The New York Dolls, St. James, Auckland, 24/03/07
...Holeee crap, I'm deaf. But it was worth it – legendary reunited glam/trash rockers The New York Dolls blew my mind Saturday night in their first-ever New Zealand show. It was way-cool, and one of the loudest concerts I've ever been to. My ears rang most of Saturday night and Sunday. It was the first concert I'd been to in NZ and my first since last summer's Alice Cooper blow-out, and it was great.
The Dolls are one of the icons of pre-punk rock, and their imprint can be seen everywhere from The Ramones to The Smiths to Guns & Roses. But it came at a cost – the Dolls flamed out faster than most bands, having recorded one unarguably classic album in 1973. (Their second was fittingly called "Too Much, Too Soon.") Three of the five founding members are now dead, but survivors David Johansen and Sylvain Sylvain came back together in 2004 when huge fan Morrissey sought them out for a benefit. (The fantastic 2005 documentary "New York Doll," which I reviewed a while back, tells of the Dolls' rise and fall and rise again in fascinating fashion.)
So anyway, most bands that are only 2/5ths of the original lineup might seem rather counterfeit, but hell, the Dolls rocked Auckland pretty well anyway in my humble opinion. Johansen, who looks kinda like Mick Jagger run over by a garbage truck, is a wiry, propulsive lead singer, equal parts preacher and prostitute. In his fifties, he's a lean and strutting frontman (and if you've never heard of the Dolls, you probably still know Johansen from his wacky novelty hit in the 1980s as Buster Poindexter, "Hot Hot Hot"). At the show, the diminutive Sylvain – who looks like a cross between AC/DC's Angus Young and Danny DeVito – also threw out some fiery guitar lines. And the other guys weren't bad either – that stage nearly combusted with some of the three-guitar attacks they launched. If anything, it was a little too loud, I nearly contracted tinnitus.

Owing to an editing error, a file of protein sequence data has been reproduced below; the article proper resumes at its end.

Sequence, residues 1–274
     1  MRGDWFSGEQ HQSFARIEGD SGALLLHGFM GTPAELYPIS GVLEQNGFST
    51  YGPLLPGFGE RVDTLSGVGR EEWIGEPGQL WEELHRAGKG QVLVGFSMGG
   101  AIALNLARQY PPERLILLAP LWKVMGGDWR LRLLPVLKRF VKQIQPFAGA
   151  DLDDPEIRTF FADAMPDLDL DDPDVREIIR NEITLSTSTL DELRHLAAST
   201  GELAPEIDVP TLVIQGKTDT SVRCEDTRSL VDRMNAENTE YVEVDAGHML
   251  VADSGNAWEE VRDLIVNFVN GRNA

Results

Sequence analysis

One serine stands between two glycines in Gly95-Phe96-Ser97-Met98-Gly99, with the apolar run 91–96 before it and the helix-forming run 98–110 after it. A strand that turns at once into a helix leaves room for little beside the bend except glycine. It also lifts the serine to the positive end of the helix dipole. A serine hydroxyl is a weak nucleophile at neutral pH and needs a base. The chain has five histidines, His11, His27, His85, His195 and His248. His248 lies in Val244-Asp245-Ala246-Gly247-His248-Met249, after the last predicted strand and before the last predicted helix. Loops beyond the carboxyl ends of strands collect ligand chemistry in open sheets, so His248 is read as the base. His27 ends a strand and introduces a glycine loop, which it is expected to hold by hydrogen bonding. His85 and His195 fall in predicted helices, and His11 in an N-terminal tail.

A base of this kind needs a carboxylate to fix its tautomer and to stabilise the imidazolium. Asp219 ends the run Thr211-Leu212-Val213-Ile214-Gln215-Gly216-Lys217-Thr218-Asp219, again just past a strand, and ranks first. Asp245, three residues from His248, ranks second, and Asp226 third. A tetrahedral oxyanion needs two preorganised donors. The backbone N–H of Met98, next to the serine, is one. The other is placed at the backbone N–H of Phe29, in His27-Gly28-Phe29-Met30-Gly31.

Highlights for me included their epic, jam-filled takes on classics "Trash" and "Jet Boy," a sly "Private World," and some of the excellent newer songs like "Dance Like A Monkey" and "We're All In Love." A lot of the audience – the vast majority of which were barely born when the Dolls had their first run – was lukewarm at first to the newer stuff, but the Dolls' comeback disc, the superbly titled "One Day It Will Please Us To Remember Even This," is a suitably crunchy and taut return to form for the band. And the Dolls thrashed so hard on some of the newer tunes I think even the poseurs were won over. One bummer – no "Frankenstein"! (A couple fuzzy cell-phone pics and set list for the show can be found over here, by the way. Hey, maybe that's the back of my head!)
For a band that put out their seminal work 30-plus years ago, there's still an edge to the Dolls. Their glam-rock stomp is no longer quite so threatening, but it's got a seen-it-all raffish charm. They're still authentic rock 'n' roll, not just a tribute act. Sad thing is, Tommy Lee's reality TV-shlock "rock" band Supernova played in Auckland the same night, and I bet they drew several times the crowd this show did. It was a decent crowd, but it wasn't as big as the Dolls deserved, either.